Games are very cinematic these days, so if you’ve got horrible music or dialogue, it can cheapen the experience. But this isn’t always the case. There are games that have terrible music and dialogue, but the gameplay is so solid it doesn’t matter. In the end, gameplay trumps all: if a game is fun, just about anything can be forgiven. There are games that flaunt this. Godhand is an example that immediately jumps to mind.

I’d like to say that audio is so critical that a bad job can completely ruin a game, but I’d be overstating our importance a bit. As long as the design is there, most other things can be forgiven. But sound is a great ally to have on your side, because we can affect people in ways that other disciplines can’t. Dialogue can convey information, music can elicit emotional reactions, and sound effects can scare or amuse the player. I like to tell colleagues in other disciplines: “Audio can’t take a 3 up to 9, but we can take a 9 to 11.”


What are the differences between sound design for film and video game?

I’ve done a little of both and they’re very different beasts. In film, everything is fixed. You always know how a scene is going to play out. You always know exactly how many times a single sound effect is going to be played. If someone fires a rocket launcher, you can make it fit the scene perfectly. In a video game, someone can take that rocket launcher, walk up to a wall and fire it 20 times. Totally unpredictable.

In film, you can make a sound seem like it’s part of the environment by processing it as appropriate. In a game, you can’t always do that. A can falls on the floor in a small room, it makes a sound. In the film, it’s always in that room, it always falls in the same exact spot. In the game, that can may fall outside. It may fall onto a wood floor, or concrete, or carpet. The player may have impacted it in such a way that it bounces twice, or three times, or not at all.

In game audio, we have to develop systems that consider these variables and process sounds appropriately in real-time. And then we have to teach those systems how to behave in edge cases, so that they don’t do something to a sound that’s totally inappropriate. We have to create our content in a way that predicts how it might be used in the game and ensures it sounds good.

We also have to fight with memory and resource budgets: there are only so many sounds we can have loaded into RAM at a time in a game. In the film world this limitation simply doesn’t exist. In Brothers in Arms: Hell’s Highway, there was a mission that took place during a thunderstorm. The player is fighting through the streets of Veghel against axis forces while the storm is raging around them. Memory budget was tight, but this storm had to sound great for the 20 minutes the player was there. In the end I built it using real-time processing and approximately 90 seconds worth of sound effects. By creatively processing them, and making the game play them back smartly, I was able to assemble a 20-minute thunderstorm from 90 seconds of content.

This is what we do every day, and it’s far different from what our cousins in Hollywood do.

Regarding the master/mix of video game sound, is it more about making everything sound louder rather than creating a dynamic range of sounds?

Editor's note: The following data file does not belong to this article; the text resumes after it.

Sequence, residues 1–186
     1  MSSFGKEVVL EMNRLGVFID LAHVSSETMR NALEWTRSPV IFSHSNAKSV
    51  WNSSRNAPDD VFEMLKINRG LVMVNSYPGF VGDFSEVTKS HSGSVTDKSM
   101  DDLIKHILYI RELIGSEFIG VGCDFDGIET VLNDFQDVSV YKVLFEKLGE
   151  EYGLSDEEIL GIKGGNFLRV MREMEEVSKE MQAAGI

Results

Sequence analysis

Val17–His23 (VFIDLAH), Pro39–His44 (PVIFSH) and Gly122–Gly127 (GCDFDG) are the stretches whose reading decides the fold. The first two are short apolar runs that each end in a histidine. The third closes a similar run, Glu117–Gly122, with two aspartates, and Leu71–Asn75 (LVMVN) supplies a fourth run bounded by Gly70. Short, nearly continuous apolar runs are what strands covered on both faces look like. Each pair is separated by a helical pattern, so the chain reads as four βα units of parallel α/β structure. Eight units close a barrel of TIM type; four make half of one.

That really depends on who you ask. For me it’s about creating a dynamic range of sound. There are others in the industry who share this attitude. But there are also some who are just trying to make the loudest game possible, cranking everything up to 11 as they say. The loudness wars are alive and well in the game industry.

I prefer greater dynamic range because I like to feel the power of a grenade that blows up next to me in a game. I like it when I commandeer a mounted turret and it feels larger than life, because it has so much contrast with the rest of the sounds in the game. Games mixed with the “everything at 11” philosophy feel flat and fatiguing to me.


Are libraries/sounds banks still commonly used in sound design?

Yeah, they are, but I think people are putting more effort into unique content these days. Whether they’re recording original stuff, or just layering and processing library stuff in different ways, the general state of things in the industry has improved. You’ll still hear the odd game that’s yanking tons of sounds from libraries, and it’s annoying to those that notice it, but it’s more the exception than the rule.

Most game audio people would love nothing more than to record completely original content for every project on which they work. But the realities of schedule, budget and geography usually prevent that from happening. Some of the best scenarios I’ve seen are on sequel projects, where there’s a huge content base from which to build, so you can pay more attention to revising old assets and creating new original stuff. It’s kind of a snowball effect over the course of several projects. But not everyone has that luxury, or even the desire to work on several iterations of the same game.

At Raven we make an effort to record original content whenever we can. We’ve recently built a foley room that’s ready to rock at a moment’s notice, and we’re currently filling it with every random piece of junk we can find. When things slow down a bit, the team takes field trips to record content. And we have a few portable recorders so people can record things while on family trips and such. For example, our awesome intern recently took a trip to Cuba and recorded some great wind and foliage sounds that we’re using on our current project.

What’s the current project?

I can’t comment on our current project, except to say that I’m extremely excited about what we’re working on.

The author of this fine article

is the Deputy Editor at Thunderbolt, having joined in December 2010. Get in touch on Twitter @shaneryantb.